Intervertebral disc (IVD) disorders are a major contributor to disability and societal health care costs. Nucleus pulposus (NP) cells of the IVD exhibit changes in both phenotype and morphology with aging-related IVD degeneration that may impact the onset and progression of IVD pathology. Studies have demonstrated that immature NP cell interactions with their extracellular matrix (ECM) may be key regulators of cellular phenotype, metabolism and morphology. The objective of this article is to review our recent experience with studies of NP cell-ECM interactions that reveal how ECM cues can be manipulated to promote an immature NP cell phenotype and morphology. Findings demonstrate the importance of a soft (<700 Pa), laminin-containing ECM in regulating healthy, immature NP cells. Knowledge of NP cell-ECM interactions can be used for development of tissue engineering or cell delivery strategies to treat IVD-related disorders.
The Role Of Extracellular Matrix Elasticity and Composition In Regulating the Nucleus Pulposus Cell Phenotype in the Intervertebral Disc: A Narrative Review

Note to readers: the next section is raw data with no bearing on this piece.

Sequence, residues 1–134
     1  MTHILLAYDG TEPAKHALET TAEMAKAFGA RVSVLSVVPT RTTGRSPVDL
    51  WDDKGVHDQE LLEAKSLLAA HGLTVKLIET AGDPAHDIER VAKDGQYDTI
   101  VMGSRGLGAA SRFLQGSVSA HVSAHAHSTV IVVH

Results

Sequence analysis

Contributed by the Bioengineering Division of ASME for publication in the JOURNAL OF BIOMECHANICAL ENGINEERING. Manuscript received October 3, 2013; final manuscript received December 13, 2013; accepted manuscript posted December 26, 2013; published online February 5, 2014. Editor: Beth Winkelstein.
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Hwang, P. Y., Chen, J., Jing, L., Hoffman, B. D., and Setton, L. A. (February 5, 2014). "The Role Of Extracellular Matrix Elasticity and Composition In Regulating the Nucleus Pulposus Cell Phenotype in the Intervertebral Disc: A Narrative Review." ASME. J Biomech Eng. February 2014; 136(2): 021010. https://doi.org/10.1115/1.4026360
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